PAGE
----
Last weekend the cul de sac of Cubao Expo was once again filled with creatives from all walks of life, this time to celebrate the fifth anniversary of The Twelfth House’s storefront opening. People filled the shop and overflowed out its door into the cool night air. The label dropped a series of 12 collaborations with other brands and DJs handled the decks all night, juggling styles from reggae to rap to chill electronic beats. “It was a culmination of eight years for the brand and five years for the store. Years’ worth of work, friendship, and growth for me and the brand,” says owner and founder Mikki Dela Rea. “I wanted to give back to the community that helped me grow as a person, found a family within, and built a business with that keeps me fed.”
Yes, it’s the AirMax 720s again. But these ones are an unreleased colorway and they’re customized… kinda. The aurora green kicks that were gifted to Kayo and appear on today’s special edition of OPENING ACT are clearly not a stock version. As he unboxes them you can instantly tell that something happened to them, but the question is whether they’ve been ruined or improved.
Al James is no stranger to success and his latest video “Latina” is on track to become one of his biggest yet, hitting 5 million views in less than two months. As his sound has spread throughout the Philippines, he’s switching up his style a bit to stay ahead of the imitators. And he’s also invested some more in the video since it was clearly going to be a hit. The updated flow, crisp animation, and cinematic views all come together for a true leveling up.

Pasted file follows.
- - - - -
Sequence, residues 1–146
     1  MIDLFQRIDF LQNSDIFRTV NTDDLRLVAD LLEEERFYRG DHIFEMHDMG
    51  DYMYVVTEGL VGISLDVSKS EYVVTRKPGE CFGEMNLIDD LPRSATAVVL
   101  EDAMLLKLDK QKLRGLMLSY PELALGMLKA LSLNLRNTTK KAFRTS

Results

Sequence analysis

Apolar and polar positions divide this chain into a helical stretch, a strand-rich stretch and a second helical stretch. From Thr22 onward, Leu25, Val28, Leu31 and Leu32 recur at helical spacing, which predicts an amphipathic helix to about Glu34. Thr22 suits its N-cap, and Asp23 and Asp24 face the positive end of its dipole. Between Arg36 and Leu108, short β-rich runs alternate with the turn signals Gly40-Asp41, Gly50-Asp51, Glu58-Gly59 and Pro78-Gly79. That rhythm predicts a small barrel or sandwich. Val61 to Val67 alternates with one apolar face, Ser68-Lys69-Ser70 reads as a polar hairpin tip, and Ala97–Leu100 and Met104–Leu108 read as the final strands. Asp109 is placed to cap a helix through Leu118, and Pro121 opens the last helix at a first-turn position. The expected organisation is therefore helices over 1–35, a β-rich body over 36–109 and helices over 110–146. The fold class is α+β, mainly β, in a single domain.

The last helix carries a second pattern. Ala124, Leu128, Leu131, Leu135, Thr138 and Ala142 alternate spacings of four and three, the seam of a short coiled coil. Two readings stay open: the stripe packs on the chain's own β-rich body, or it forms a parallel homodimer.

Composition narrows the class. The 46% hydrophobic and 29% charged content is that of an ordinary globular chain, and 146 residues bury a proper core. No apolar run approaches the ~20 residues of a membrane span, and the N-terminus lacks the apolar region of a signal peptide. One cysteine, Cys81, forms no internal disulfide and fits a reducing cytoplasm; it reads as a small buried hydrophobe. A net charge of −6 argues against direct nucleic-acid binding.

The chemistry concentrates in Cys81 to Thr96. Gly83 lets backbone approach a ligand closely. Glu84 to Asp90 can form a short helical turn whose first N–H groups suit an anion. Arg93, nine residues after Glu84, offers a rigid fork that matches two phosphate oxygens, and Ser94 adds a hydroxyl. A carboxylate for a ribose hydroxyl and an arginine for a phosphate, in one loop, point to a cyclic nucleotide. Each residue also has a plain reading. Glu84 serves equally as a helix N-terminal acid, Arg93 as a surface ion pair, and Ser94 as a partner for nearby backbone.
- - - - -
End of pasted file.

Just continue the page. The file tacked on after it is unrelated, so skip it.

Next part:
Tahoooooo. Tahooooo. This early morning siren is one of the sounds that define the Philippines, and the warm feelings it evokes in so many is why the artist Qwark sought them out during a time of personal crisis. His new series is not just the about the magtataho though, but street vendors in general. As a young kid, he’d watch them on his way to school every day, and they left him with an impression he couldn’t fully explain. “I’d see the same ice cream man in the morning, at lunch, and afternoon,” Qwark explains. “I never understood until I grew older how these people spend long hours working for minimal income. I admire their resilience, their dedication to providing for their families. So now I depict these people as modern-day gods: people of wonder and might both in body and will.”
On the hook of “Maestro,” the Kartell’em crew rap how they’re intent on letting the city know who they are, that they’re set to “make this place aware.” It’s a mission statement, and they’re definitely doing a good job following through on that promise. To do so, they’re aiming higher than the stage and looking to the sky. Specifically the rooftops. If you gaze out the window of the LRT in Manila, you might spot a recent big ‘ole blockbuster at eye level with the train screaming TELL’EM. It’s so crispy it looks like an advertisement, which we guess it is, but it’s a DIY one painted by the crew themselves to promote an upcoming tee collab with cmplct.